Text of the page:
Sensitive Stomach Diet

by Linda Ray Google

About Linda Ray

Linda Ray is an award-winning journalist with more than 20 years reporting experience. She's covered business for newspapers and magazines, including the "Greenville News," "Success Magazine" and "American City Business Journals." Ray holds a journalism degree and teaches writing, career development and an FDIC course called "Money Smart."

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When you have a meal, your digestive system breaks down food to provide your body with essential nutrients. Food from your mouth passes through the esophagus into your stomach, which is protected by the esophageal sphincter that helps keep food from backing up into the esophagus. Your stomach mixes food with digestive juices and then passes it into the small intestine. A number of factors influence the processes that take place within the stomach, where you can develop sensitivity.

Problems

Indigestion is a common problem that can occur if you have a sensitive stomach. Its symptoms may occur only when you eat certain foods, or you might have a problem on a regular, continual basis every time you eat. Symptoms vary, but they can include bloating, burning and pain. Indigestion often occurs simultaneously with heartburn, which is a burning sensation in your throat or upper chest.

Features

A sensitive stomach, sometimes called functional dyspepsia, can cause symptoms ranging from feeling full very quickly to stomach discomfort, belching, bloating or nausea. This may be caused by a number of abnormalities that create sensitivity when certain foods enter the stomach. Eating more frequent, smaller meals and avoiding food with high-fat content often relieves the symptoms, although some people with dyspepsia also have psychological issues that also contribute to a sensitive stomach.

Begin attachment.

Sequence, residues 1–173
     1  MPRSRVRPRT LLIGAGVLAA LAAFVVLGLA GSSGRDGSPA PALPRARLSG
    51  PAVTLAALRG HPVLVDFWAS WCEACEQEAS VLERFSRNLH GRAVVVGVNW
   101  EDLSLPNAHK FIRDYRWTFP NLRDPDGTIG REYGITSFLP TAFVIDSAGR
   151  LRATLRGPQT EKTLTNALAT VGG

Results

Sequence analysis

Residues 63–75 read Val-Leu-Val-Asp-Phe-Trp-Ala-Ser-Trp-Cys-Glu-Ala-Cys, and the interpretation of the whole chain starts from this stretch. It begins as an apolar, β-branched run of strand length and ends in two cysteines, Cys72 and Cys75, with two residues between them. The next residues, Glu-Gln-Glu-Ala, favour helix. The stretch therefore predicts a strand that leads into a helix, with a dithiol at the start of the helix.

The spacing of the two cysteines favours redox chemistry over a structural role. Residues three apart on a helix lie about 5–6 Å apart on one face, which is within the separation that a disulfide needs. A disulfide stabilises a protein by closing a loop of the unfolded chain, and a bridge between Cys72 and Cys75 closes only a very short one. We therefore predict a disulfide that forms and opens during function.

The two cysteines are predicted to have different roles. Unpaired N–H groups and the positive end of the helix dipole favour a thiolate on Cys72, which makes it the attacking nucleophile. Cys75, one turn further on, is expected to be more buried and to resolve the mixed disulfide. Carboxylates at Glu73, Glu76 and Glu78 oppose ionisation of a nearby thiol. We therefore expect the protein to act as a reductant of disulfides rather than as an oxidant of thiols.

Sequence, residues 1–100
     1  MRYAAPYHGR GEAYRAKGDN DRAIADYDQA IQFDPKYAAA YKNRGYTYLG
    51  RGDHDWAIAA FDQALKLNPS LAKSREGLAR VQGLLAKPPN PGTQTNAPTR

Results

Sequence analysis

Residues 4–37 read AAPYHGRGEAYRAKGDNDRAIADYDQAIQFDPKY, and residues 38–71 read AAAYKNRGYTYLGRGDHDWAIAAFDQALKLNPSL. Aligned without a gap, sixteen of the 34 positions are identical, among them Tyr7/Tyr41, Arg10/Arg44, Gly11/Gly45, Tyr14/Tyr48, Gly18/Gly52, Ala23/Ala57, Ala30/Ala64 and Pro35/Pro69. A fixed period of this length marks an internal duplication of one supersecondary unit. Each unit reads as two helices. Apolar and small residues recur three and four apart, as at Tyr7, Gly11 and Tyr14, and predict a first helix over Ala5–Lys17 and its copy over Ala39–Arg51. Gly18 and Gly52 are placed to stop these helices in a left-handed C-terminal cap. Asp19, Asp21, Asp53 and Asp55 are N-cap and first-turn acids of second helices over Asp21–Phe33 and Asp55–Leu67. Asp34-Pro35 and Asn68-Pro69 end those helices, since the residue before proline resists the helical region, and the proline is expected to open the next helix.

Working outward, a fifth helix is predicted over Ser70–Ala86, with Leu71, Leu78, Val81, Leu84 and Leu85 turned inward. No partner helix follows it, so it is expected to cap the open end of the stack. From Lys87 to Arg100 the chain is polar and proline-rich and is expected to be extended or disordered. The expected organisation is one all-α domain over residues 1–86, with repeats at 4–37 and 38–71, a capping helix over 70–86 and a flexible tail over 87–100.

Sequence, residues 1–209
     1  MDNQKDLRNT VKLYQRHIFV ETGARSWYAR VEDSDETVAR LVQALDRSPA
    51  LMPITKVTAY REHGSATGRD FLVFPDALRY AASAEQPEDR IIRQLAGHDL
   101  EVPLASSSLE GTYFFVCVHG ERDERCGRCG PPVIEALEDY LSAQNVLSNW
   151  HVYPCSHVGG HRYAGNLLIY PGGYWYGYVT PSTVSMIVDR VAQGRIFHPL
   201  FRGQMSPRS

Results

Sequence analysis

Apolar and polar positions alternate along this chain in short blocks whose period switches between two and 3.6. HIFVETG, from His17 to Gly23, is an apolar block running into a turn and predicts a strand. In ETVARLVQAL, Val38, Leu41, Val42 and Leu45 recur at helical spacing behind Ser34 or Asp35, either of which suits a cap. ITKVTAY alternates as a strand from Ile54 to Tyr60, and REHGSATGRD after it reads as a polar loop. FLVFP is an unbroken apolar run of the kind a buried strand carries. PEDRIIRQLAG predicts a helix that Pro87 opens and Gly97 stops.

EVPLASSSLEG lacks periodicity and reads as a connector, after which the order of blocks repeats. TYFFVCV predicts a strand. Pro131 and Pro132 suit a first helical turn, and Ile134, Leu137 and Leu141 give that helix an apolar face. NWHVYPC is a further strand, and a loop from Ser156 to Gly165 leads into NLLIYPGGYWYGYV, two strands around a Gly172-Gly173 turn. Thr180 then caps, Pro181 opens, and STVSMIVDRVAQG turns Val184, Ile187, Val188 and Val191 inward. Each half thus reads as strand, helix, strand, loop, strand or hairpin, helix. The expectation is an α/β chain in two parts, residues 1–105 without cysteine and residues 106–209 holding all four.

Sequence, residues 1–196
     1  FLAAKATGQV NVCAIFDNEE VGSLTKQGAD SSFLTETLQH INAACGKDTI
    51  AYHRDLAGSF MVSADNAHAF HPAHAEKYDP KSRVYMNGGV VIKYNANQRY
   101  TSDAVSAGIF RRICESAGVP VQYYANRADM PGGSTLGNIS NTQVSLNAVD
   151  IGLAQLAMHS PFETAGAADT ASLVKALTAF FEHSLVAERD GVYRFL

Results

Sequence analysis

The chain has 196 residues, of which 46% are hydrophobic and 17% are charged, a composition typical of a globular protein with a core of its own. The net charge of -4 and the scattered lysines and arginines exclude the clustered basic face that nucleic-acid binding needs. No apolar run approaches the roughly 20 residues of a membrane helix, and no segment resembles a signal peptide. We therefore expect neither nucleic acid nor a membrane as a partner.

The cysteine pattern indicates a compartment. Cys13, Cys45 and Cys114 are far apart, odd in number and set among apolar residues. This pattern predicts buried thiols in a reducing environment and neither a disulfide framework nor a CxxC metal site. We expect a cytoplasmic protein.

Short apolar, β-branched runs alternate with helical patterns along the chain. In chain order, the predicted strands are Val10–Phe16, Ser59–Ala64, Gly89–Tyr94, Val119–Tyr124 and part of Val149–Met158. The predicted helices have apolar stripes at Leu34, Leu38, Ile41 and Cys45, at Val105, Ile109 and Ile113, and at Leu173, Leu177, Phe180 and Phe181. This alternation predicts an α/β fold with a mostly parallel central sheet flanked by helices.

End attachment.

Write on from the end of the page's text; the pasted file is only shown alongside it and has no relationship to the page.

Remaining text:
Complications

Occasional, mild indigestion is usually not harmful, but it can lead to serious complications that include unintentional weight loss, jaundice, vomiting or severe pain. Avoiding certain foods may help, and these often include greasy or spicy food, alcohol, chocolate or carbonated beverages. Other complications that can affect stomach digestive processes, regardless of what you eat, include nervousness, emotional turmoil or smoking. A sensitive stomach that is not alleviated with a change in diet could be due to another disorder, such as an ulcer.

Behavior Changes

In addition to eating smaller meals more frequently, chewing your food thoroughly can help to relieve sensitive stomach symptoms. Relaxing prior to eating also can help to allow stomach muscles to function properly and relieve the problem. Maintaining a healthy weight can help, because additional weight places undue pressure on the stomach. making it more difficult to digest your food thoroughly. Talk to your doctor if your stomach is sensitive, to determine the best course of action for you.

Diet Changes

Once a certain food has caused stomach discomfort, you should avoid that food to prevent further complications. Foods most commonly associated with stomach indigestion and painful stomach symptoms include chilies, hot pepper and black pepper. Food with a tomato base, citrus fruit and many kinds of juices also tend to upset sensitive stomachs.

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This article reflects the views of the writer and does not necessarily reflect the views of Jillian Michaels or JillianMichaels.com.